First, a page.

People tend to think about sexual orientation in terms of a small number of distinct categories—most commonly, straight, bisexual, and gay. Those who subscribe to this view expect that everyone will fit neatly into one of these three boxes. However, others argue that sexual orientation is far more complex and is best viewed along a continuum or spectrum. The idea of a sexual orientation spectrum can be traced back to Alfred Kinsey, whose Kinsey Scale allowed for seven degrees of heterosexuality and homosexuality:
0 – Exclusively heterosexual
1 – Predominately heterosexual, only incidentally homosexual
2 – Predominately heterosexual, but more than incidentally homosexual
3 – Equally heterosexual and homosexual
4 – Predominately homosexual, but more than incidentally heterosexual
5 – Predominately homosexual, only incidentally heterosexual
6 – Exclusively homosexual
Some have questioned the validity of the Kinsey Scale, though. I mean, what exactly distinguishes one spot from another? For example, consider a man who is a Kinsey 5 versus a man who is a Kinsey 6—what’s the difference between them?
Are the 5s indeed more sexually attracted to women than the 6s, who are exclusively gay? Or is it that the 5s just aren’t willing to admit being completely gay, perhaps feeling as though it’s more socially acceptable to report being somewhat bisexual?
A recent study published in the Archives of Sexual Behavior sought to test which of these competing explanations is correct. In this study, 58 participants (all of whom currently identified as gay, were mostly White, and were aged 26 on average) completed an online survey about their sexual attitudes and histories. Thirty-six of these men also went on to complete a lab study in which their genital arousal patterns were recorded while they watched different kinds of pornography, including man-on-man and woman-on-woman.
In total, 20 of these men classified themselves as Kinsey 5s (mostly gay), while the remaining 38 classified themselves as Kinsey 6s (exclusively gay). When asked how arousing or disgusting they found the prospect of having sex with a woman to be, the Kinsey 5s rated sex with a woman as more arousing and less disgusting.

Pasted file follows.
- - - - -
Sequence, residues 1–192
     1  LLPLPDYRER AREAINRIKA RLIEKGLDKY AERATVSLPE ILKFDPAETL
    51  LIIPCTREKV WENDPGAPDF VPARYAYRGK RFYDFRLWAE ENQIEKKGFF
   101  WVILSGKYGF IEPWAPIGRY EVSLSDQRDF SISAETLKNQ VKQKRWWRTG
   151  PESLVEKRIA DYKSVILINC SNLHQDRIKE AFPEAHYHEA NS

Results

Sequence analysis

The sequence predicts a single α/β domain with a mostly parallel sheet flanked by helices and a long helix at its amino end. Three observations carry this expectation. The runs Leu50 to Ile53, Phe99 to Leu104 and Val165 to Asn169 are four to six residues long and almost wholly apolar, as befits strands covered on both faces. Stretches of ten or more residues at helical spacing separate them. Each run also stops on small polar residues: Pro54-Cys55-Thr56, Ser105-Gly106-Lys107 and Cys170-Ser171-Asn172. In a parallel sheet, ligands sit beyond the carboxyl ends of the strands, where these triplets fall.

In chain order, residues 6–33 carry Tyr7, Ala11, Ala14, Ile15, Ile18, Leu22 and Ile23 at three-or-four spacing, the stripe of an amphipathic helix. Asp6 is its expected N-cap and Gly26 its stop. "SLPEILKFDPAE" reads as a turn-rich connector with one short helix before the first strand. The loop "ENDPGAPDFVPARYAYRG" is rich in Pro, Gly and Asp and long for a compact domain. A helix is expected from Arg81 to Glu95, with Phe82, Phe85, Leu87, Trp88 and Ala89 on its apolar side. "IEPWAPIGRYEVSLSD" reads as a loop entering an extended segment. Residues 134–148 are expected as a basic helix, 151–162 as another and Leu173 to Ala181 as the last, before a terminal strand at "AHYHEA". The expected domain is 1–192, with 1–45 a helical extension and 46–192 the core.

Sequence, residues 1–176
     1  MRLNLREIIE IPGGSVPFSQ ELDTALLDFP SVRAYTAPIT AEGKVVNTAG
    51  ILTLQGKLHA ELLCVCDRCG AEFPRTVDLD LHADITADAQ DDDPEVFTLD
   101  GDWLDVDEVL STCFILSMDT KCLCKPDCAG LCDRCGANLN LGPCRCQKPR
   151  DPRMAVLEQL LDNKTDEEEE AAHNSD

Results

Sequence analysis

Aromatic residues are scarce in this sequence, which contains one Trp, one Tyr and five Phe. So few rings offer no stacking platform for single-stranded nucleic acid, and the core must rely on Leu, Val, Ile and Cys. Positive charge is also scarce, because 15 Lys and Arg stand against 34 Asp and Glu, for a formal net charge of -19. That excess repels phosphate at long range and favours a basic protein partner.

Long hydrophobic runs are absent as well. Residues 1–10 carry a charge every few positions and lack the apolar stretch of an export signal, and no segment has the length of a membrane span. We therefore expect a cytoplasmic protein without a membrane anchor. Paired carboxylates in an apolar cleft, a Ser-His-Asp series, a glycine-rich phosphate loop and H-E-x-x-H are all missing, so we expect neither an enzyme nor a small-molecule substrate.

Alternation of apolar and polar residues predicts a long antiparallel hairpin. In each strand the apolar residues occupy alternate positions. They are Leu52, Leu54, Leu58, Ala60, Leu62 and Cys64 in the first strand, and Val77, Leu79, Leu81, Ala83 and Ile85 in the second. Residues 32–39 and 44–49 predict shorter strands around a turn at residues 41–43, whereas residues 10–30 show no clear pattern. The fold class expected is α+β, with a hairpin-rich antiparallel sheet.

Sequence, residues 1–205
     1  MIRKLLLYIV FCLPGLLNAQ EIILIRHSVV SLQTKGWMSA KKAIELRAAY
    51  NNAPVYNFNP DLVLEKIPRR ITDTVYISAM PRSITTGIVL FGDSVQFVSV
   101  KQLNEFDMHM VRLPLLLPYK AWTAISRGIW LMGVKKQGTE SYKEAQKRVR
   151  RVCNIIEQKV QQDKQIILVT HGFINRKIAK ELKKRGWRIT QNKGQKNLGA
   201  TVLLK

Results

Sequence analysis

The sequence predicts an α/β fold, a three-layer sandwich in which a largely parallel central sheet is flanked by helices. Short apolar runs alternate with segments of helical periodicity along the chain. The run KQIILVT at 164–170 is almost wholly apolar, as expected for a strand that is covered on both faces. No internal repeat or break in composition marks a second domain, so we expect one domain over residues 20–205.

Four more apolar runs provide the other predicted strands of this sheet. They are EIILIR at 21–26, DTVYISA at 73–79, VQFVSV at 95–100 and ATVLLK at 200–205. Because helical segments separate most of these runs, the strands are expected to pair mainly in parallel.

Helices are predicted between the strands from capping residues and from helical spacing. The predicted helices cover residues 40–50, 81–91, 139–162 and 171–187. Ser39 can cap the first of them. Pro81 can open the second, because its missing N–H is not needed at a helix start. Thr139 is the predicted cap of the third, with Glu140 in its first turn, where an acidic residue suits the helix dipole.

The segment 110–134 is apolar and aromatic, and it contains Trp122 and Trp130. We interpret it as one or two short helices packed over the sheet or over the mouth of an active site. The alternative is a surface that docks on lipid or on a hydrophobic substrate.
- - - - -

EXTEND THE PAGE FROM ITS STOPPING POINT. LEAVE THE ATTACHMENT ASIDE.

In addition, the Kinsey 5s demonstrated more genital arousal in response to woman-on-woman porn than did the Kinsey 6s.
Interestingly, sexual arousal to men (both self-report and genital) did not differ between the two groups. In other words, both groups were equally aroused by men. What distinguished the 5s from the 6s was their arousal to women.
Although these findings are limited in that they were derived from a very small sample, their implications are important. For one thing, they argue against the idea that Kinsey 5s just aren’t ready to commit to being fully gay. Rather, these men—again, all of whom identified as gay—were aroused by women to a greater degree than were the Kinsey 6s. This tells us that a gay identity doesn’t preclude sexual attraction to women—some men who identify as gay have a certain level of bisexual attraction. In other words, there are different shades or types of homosexuality.
These results also provide further support for the idea that sexual orientation is a spectrum and is far more complex than the simple three category view of gay, straight, and bisexual.
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For more on this research, see: Semon, T.L., Hsu, K.J., Rosenthal, A.M., & Bailey, J.M. (2017). Bisexual phenomena among gay-identified men. Archives of Sexual Behavior, 46(1), 237-245.
Image Source: 123rf/hydraviridis
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